In English:

Many of the mythical stories surrounding the dog (race) are simply invented but were passed on and changed so many times that it is hard to separate truth from legend. Within this scope lies the famous schnapps casks some of the dogs carry around their necks on pictures, allegedly to offer avalanche victims (literal transl.) a gulp from it to warm up. The legend likely originates from a letter one of Napoleons soldiers wrote during their move across St. Bernhard. Some clerics used the dogs for transport to provide the exhausted soldiers with supplies. This letter said: "We are amazed that this monastery has huge dogs that are able to find travelers who got lost in the snow. They spirit them (i.e. the lost travelers) up and offer them brandy which they carry bound around their necks and lead them into a house." The story was passed on orally and was picked up as motif by several movies, its truth however is highly controversial. Some remaining barrels show that these were likely just trinkets because these barrels have no openings. Additionally the barrel would be very cumbersome in deep snow - not to mention the fact that the consumption of alcohol in a state of hypothermia is counterproductive.

I tried to stay as true as possible to the original content in my translation. The italic parts in parentheses are my comments and the link to St. Bernhard is for informational purposes.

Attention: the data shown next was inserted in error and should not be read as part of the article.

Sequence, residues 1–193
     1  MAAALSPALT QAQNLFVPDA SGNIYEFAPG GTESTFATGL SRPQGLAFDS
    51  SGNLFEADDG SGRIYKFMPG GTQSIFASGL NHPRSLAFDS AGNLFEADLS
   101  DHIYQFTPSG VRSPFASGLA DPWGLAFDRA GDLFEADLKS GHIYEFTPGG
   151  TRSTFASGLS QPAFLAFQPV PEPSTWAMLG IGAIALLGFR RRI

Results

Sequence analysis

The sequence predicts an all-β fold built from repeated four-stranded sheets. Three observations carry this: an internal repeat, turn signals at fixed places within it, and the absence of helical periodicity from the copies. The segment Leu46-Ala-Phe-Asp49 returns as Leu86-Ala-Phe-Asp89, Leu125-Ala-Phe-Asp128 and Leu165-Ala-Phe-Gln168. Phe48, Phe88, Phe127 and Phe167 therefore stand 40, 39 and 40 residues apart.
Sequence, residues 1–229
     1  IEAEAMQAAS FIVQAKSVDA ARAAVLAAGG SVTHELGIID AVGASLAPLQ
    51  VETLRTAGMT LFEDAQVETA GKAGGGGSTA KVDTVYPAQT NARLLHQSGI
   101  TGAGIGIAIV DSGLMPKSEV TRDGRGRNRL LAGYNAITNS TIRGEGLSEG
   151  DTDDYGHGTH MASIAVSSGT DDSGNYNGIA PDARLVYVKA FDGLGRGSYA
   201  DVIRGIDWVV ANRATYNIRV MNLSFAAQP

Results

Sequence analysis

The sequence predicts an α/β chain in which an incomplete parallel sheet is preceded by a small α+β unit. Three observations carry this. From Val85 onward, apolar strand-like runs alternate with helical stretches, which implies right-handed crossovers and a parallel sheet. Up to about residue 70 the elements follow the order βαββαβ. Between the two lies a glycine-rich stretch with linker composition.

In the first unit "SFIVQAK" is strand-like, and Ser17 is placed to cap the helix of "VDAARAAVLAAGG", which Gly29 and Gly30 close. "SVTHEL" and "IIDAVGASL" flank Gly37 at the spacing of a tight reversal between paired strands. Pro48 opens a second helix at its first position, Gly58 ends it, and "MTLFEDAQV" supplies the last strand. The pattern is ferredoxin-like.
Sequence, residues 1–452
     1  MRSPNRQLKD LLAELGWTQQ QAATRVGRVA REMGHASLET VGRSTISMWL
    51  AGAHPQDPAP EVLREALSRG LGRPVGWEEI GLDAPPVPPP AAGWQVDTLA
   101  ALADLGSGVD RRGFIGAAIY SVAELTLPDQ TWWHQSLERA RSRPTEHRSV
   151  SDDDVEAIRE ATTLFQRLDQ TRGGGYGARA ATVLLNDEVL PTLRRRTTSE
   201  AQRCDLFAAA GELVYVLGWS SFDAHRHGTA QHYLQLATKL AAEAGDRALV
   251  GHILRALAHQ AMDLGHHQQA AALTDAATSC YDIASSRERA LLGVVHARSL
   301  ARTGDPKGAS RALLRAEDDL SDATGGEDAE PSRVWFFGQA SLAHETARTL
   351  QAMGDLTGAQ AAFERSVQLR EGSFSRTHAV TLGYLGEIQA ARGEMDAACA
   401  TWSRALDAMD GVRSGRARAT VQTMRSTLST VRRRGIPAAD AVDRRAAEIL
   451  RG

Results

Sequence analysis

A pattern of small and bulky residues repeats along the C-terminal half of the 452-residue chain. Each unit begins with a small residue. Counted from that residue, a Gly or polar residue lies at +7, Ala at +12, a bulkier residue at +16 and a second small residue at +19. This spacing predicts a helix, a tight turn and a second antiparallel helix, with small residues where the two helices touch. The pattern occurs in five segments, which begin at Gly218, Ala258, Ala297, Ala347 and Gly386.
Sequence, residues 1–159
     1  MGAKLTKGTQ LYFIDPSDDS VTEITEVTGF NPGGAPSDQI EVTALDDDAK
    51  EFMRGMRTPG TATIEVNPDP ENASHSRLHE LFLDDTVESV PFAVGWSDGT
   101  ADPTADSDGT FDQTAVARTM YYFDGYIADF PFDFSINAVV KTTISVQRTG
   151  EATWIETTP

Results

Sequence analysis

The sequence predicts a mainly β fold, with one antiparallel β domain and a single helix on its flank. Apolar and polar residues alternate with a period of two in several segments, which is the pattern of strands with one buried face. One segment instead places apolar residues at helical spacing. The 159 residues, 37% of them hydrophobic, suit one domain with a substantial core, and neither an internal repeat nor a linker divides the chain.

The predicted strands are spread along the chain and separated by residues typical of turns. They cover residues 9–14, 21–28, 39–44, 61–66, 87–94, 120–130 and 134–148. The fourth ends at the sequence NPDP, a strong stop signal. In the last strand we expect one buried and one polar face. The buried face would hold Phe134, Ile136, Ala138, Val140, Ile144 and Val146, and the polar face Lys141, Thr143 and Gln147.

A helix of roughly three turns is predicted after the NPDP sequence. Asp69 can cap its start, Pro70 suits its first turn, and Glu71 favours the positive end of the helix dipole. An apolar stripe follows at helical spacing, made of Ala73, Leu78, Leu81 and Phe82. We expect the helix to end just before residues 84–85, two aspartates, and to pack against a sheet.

The mentioned "type" of clerics seems to be specific to German-speaking regions, at least I couldn't find anything coming close enough to it, so I was stuck with the generic term here.


Another source, Swiss-German (website of a newspaper) claims a different, but also French origin - translation of the contents to English:

Who imputed the St. Bernhard its cask?

[...] In actuality the dogs of the (St. Bernard) Hospice never carried such barrels. Creator of the legend is likely Anne François Joachim Fréville (French Wikipedia), a French pedagogue, historian and writer. Towards the end of the 18th century he published other than "Les Enfants célèbres" his "Histoire des chiens célèbres" with a chapter about Swiss avalanche dogs with their survival water (literally "Überlebenswasser").

  • 3
    Question already quoted wikipedia. It's better if you provide a better source than wikipedia. – Wertilq Feb 22 '13 at 19:13
  • 1
    @Wertilq: I disagree. The German entry is fuller than the English entry. – TonyK Jul 11 '14 at 15:30
  • @TonyK: It may be longer than the English version, but the more important question is "Is it correct?" Like all encyclopedias, Wikipedia is unreliable, and following up the references is a good idea. – Oddthinking Jul 11 '14 at 16:54
  • 1
    @Oddthinking: well, you're actually right. I hope my latest edits put an end to it by quoting a chaplain from the hospice where the St. Bernhard originates and quoting a brochure dedicated to the museum in which the most famous of the breed is exhibited. – 0xC0000022L Jul 11 '14 at 20:09

You must log in to answer this question.

Not the answer you're looking for? Browse other questions tagged .